The second inning of Maria Montessori`s life began in India. It is here that Montessori developed her ideas and published her book "The Absorbent Mind" and expanded her philosophy to children between 6 and 12 years of age. The first Indian Montessori Training Course was held in Adyar near Madras (Chennai) in 1939. In 1946, Montessori returned to Europe to study in London and Scotland. She revisited Madras in 1947, under the pretext of beginning the Montessori University, which did not materialize due to the partition between India and Pakistan. After that, Maria Montessori made several visits to India until 1949 and also conducted a course in Karachi. Maria Montessori was the last to breathe in 1952 (Indian Montessori Foundation nd:5-46).
After Montessori`s departure, Joosten became Director of the Indian Montessori Training Courses in 1952 and kept several courses (Indian Montessori Training Courses 2014). Joosten died in 1980, in the middle of the 45th Hyderabad course, which Swamy took as director until he retired in 1990 when MeenakshiShivaramakrishnan took over as director (Indian Montessori Training Courses 2014; (Indian Montessori Foundation nd: 47-51).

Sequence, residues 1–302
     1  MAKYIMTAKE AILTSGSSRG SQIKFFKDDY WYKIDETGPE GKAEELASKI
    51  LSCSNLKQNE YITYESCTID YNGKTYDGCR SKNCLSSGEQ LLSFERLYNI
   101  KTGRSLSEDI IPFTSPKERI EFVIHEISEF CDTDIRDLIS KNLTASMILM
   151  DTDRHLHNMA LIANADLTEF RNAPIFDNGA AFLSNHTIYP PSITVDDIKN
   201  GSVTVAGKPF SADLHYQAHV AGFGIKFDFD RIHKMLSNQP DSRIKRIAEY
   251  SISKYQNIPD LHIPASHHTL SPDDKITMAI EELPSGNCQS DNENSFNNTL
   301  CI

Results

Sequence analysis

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The year 1995 was a significant one in the Montessori movement. It is when Meenakshi Shivarama krishnan invited Rajendra Gupta to attend the Primary Training Course (6-12 years old) in India. Subsequently, another Montessori center, known as the Indian Montessori Association, was established in Bangalore. Meenakshi Shivarama krishnan, meanwhile, has agreed to discontinue its affiliation with the Montessori International Association (AMI), the original body set up by Maria Montessori. However, ZarinMalva retained her affiliation with AMI and continued training in Mumbai. Madras didn`t have a training center there. Either Zarin Malva or Meenakshi Shivarama krishnan used to take temporary training courses in Madras. In the meantime, Rukmini Ramachandran from Chennai and Lakshmi from Hyderabad underwent a training specially designed for directors. AMI training courses in Chennai and Hyderabad were also started.